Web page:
Federal investigators blast Tesla, call for stricter safety standards

Trees blur behind a sleek black crossover as it speeds down a highway.

Enlarge / A Tesla Model X on a highway. (credit: y_carfan / iStock / Getty)

The National Transportation Safety Board has filed comments blasting the National Highway Traffic Safety Administration for its permissive regulation of driver-assistance systems. The letter was dated February 1 but was only spotted by CNBC’s Lora Kolodny on Friday. The letter repeatedly calls out Tesla’s Autopilot for its lax safety practices and calls on NHTSA to establish minimum standards for the industry.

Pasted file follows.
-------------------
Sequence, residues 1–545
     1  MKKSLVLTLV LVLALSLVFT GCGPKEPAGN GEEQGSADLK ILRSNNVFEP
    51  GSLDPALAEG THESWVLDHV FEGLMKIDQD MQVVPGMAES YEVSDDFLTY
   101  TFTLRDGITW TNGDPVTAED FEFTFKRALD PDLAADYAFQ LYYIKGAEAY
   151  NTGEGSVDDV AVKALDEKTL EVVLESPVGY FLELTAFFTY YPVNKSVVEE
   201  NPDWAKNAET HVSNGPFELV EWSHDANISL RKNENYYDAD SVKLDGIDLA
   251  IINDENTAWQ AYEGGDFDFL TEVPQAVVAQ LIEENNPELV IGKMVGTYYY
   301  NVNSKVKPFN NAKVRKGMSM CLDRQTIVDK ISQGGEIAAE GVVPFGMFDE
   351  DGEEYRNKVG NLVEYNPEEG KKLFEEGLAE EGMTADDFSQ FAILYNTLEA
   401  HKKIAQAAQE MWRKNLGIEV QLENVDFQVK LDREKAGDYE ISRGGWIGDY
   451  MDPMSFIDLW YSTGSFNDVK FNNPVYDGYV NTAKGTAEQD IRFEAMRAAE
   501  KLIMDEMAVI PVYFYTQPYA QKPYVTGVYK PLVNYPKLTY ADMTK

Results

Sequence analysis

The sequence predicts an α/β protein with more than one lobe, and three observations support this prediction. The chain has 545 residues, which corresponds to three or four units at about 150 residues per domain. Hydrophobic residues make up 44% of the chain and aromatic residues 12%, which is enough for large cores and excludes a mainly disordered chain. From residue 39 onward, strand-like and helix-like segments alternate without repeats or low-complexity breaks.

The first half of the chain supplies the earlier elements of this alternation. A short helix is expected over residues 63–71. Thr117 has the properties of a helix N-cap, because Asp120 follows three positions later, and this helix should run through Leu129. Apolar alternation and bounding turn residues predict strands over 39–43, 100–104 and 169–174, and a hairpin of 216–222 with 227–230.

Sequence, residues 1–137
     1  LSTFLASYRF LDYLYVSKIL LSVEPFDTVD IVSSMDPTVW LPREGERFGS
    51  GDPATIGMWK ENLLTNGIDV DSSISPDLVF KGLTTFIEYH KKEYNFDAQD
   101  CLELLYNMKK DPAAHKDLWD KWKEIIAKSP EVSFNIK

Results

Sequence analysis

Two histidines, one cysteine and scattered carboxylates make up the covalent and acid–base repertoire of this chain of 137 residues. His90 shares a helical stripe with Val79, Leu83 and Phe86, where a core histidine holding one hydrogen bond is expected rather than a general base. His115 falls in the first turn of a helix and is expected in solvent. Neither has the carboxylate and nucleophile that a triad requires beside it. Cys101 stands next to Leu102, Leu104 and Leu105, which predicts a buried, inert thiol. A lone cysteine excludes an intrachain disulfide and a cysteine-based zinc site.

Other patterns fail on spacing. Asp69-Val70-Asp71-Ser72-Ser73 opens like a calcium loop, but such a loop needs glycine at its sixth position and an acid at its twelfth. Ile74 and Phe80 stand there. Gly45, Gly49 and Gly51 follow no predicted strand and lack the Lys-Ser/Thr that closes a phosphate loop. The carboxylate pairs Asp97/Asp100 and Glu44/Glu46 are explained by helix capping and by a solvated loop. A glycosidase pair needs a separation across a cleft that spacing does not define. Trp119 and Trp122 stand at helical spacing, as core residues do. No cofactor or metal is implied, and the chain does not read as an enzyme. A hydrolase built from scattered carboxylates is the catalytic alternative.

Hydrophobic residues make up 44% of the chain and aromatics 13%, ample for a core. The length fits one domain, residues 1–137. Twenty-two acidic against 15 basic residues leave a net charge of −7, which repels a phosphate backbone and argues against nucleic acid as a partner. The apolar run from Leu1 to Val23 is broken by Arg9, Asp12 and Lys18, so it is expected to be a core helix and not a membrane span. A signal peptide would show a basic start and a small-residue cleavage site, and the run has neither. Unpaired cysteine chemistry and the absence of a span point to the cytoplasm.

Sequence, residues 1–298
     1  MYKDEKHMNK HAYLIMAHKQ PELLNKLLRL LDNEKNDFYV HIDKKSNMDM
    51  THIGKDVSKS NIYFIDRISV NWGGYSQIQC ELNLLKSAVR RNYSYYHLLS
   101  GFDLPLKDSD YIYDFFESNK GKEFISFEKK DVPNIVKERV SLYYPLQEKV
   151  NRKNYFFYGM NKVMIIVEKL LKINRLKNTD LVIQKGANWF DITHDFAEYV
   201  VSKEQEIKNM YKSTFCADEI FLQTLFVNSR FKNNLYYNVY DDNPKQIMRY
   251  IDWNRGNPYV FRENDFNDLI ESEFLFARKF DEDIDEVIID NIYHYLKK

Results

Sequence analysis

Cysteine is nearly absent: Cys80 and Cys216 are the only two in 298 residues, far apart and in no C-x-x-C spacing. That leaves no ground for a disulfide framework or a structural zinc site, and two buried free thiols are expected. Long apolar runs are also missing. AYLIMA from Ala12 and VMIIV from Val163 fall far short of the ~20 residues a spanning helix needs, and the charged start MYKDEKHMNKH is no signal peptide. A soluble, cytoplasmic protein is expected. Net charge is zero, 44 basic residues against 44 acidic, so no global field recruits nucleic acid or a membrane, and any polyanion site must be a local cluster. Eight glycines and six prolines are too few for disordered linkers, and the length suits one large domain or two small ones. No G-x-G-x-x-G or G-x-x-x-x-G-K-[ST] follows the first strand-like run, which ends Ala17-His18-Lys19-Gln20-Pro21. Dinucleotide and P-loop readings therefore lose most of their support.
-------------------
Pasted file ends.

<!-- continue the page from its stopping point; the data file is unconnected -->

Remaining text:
The dispute between federal agencies is the result of Congress dividing responsibility for transportation safety among multiple agencies. NHTSA is the main regulator for highway safety: every car and light truck must comply with rules established by NHTSA. NTSB is a separate agency that just does safety investigations. When there’s a high-profile highway crash, NTSB investigators travel to the scene to figure out what happened and how to prevent it from happening again. NTSB also does plane crashes and train wrecks, allowing it to apply lessons from one mode of transportation to others.

This separation of responsibilities has contributed to a culture gap between the agencies. As the agency responsible for writing regulations, NHTSA has to trade safety off against other considerations like economic costs, the lobbying clout of automakers, and the risk of consumer backlash. In contrast, NTSB’s rulings are purely advisory, which frees the agency to doggedly advocate strong safety measures.

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